Bitcoin News

Nasdaq Executive Offers Insights on BlackRock’s Spot Bitcoin ETF and Regulatory Hurdles

Nasdaq’s Head of U.S. Equities & ETPs, Giang Bui, has provided reassurance that the early dismissal of BlackRock’s proposed spot Bitcoin exchange-traded fund (ETF) by the U.S. Securities and Exchange Commission (SEC) should not deter its ultimate success. Bui’s statements on September 13 shed light on the intricacies of the regulatory process and the path forward for crypto ETFs.

BlackRock applied for a spot in Bitcoin ETF on June 15, with Nasdaq responsible for filing Form 19-b4, which outlines the rule changes necessary for listing the product. However, on June 30, the SEC declared the filing, along with others, inadequate, leading to its early rejection. Importantly, this rejection primarily pertained to regulatory procedural issues rather than the substance or potential viability of the product.

Bui clarified that such early rejections are not necessarily a negative indicator for applicants. She explained that once the exchange files Form 19-b4, the SEC has seven business days only to accept it if it complies with SEC rules related to the form. This rejection at the initial stage is procedural and needs to reflect the product’s viability.

Following the initial rejection, Nasdaq and other entities updated various ETF applications, explicitly listing Coinbase as a surveillance-sharing agreement partner. Bui acknowledged that this practice is unusual but emphasized that it was done to strengthen the filing’s overall position.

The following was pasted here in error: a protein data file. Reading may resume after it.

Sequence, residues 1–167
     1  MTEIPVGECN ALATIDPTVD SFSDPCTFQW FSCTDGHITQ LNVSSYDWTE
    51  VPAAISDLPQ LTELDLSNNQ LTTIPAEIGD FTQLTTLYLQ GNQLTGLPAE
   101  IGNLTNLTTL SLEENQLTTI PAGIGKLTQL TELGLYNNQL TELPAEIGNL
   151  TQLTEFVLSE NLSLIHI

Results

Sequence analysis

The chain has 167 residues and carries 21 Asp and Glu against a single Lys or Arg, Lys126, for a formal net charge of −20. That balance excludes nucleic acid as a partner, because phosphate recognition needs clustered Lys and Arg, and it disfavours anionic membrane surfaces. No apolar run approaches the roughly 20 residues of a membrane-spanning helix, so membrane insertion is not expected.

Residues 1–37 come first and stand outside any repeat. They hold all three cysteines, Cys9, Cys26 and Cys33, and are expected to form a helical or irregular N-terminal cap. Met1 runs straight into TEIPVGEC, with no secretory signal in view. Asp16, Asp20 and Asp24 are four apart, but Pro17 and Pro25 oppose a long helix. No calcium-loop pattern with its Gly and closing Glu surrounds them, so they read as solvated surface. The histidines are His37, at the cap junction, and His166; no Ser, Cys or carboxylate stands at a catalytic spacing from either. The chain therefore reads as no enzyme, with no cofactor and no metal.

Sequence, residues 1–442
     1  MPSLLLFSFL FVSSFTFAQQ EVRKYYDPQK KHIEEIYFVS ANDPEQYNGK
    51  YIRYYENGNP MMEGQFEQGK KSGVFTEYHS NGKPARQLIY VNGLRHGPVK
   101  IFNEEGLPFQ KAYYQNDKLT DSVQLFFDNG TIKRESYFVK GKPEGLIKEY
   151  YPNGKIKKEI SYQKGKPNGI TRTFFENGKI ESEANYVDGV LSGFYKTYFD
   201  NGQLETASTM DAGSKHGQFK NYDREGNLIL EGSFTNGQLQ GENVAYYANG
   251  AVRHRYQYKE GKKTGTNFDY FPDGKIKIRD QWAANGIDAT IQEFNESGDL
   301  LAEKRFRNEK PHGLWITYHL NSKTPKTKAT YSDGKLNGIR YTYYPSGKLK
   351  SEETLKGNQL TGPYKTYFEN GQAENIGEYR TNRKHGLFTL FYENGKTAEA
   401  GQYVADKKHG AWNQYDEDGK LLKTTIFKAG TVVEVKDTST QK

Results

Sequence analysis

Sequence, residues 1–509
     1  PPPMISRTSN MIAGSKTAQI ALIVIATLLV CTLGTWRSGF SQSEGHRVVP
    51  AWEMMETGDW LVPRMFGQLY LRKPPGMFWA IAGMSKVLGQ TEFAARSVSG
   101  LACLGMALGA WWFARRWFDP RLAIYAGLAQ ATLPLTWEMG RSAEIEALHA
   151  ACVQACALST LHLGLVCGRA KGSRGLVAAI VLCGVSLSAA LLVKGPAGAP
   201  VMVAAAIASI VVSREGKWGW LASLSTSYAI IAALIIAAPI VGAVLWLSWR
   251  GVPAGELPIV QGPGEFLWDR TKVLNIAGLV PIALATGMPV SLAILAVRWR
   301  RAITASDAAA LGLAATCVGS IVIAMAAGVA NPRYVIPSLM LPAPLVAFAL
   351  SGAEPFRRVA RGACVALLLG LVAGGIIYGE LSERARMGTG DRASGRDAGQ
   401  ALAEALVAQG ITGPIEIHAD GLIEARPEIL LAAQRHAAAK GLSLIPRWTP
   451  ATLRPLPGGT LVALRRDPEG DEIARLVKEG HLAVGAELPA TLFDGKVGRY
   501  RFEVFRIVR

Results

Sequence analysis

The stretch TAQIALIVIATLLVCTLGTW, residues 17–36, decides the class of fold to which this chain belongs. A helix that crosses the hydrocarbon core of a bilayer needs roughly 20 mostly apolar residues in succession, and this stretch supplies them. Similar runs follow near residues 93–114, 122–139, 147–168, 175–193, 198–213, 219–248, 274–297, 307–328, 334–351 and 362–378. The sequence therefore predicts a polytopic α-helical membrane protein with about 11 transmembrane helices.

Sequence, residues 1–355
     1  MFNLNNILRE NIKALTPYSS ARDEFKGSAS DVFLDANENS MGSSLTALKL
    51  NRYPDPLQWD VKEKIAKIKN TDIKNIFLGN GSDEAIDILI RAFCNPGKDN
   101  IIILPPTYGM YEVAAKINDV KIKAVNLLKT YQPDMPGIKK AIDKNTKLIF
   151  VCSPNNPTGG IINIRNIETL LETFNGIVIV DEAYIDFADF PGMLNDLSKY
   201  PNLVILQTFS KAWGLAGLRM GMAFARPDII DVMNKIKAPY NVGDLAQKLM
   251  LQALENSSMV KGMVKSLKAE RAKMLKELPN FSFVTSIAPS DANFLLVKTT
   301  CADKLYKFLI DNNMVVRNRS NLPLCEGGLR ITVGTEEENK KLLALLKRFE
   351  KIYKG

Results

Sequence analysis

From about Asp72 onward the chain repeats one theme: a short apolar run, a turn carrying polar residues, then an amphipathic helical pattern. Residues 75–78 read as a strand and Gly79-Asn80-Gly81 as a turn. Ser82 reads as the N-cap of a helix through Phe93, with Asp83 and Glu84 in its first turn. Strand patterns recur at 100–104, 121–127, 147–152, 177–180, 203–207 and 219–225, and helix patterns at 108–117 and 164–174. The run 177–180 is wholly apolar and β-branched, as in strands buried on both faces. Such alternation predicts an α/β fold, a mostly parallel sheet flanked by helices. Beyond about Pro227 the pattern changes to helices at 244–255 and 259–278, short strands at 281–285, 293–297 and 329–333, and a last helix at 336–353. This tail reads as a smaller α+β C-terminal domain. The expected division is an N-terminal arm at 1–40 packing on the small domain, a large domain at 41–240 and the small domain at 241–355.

BlackRock’s proposed spot Bitcoin ETF is one of many. Nasdaq is also handling a similar proposal from Valkyrie Investments. Meanwhile, other exchanges like Cboe manage proposals from multiple asset management firms, including Ark Invest, VanEck, WisdomTree, Invesco, and Fidelity. Many of these proposals share similarities and describe surveillance-sharing agreements with Coinbase.

In a different approach, Grayscale aims to transform its existing GBTC fund into a spot Bitcoin ETF. Bui acknowledged Grayscale’s proposal and its recent legal victory, indicating that Nasdaq is carefully assessing the implications for its filings.

Notably, in late August, the SEC delayed its decisions on most of the spot Bitcoin ETF applications mentioned. The crypto community is now eagerly awaiting the SEC’s forthcoming decisions, expected in October, which will play a pivotal role in shaping the future of crypto ETFs in the United States.

In conclusion, while the early SEC rejection may have caused some concerns, Nasdaq’s Giang Bui provides valuable insights into the regulatory process surrounding crypto ETFs. The ongoing developments and discussions within the regulatory landscape highlight crypto assets’ growing interest and importance in traditional financial markets.


Crypto products and NFTs are unregulated and can be highly risky. There may be no regulatory recourse for any loss from such transactions. Crypto is not a legal tender and is subject to market risks. Readers are advised to seek expert advice and read offer document(s) along with related important literature on the subject carefully before making any kind of investment whatsoever. Crypto market predictions are speculative and any investment made shall be at the sole cost and risk of the readers.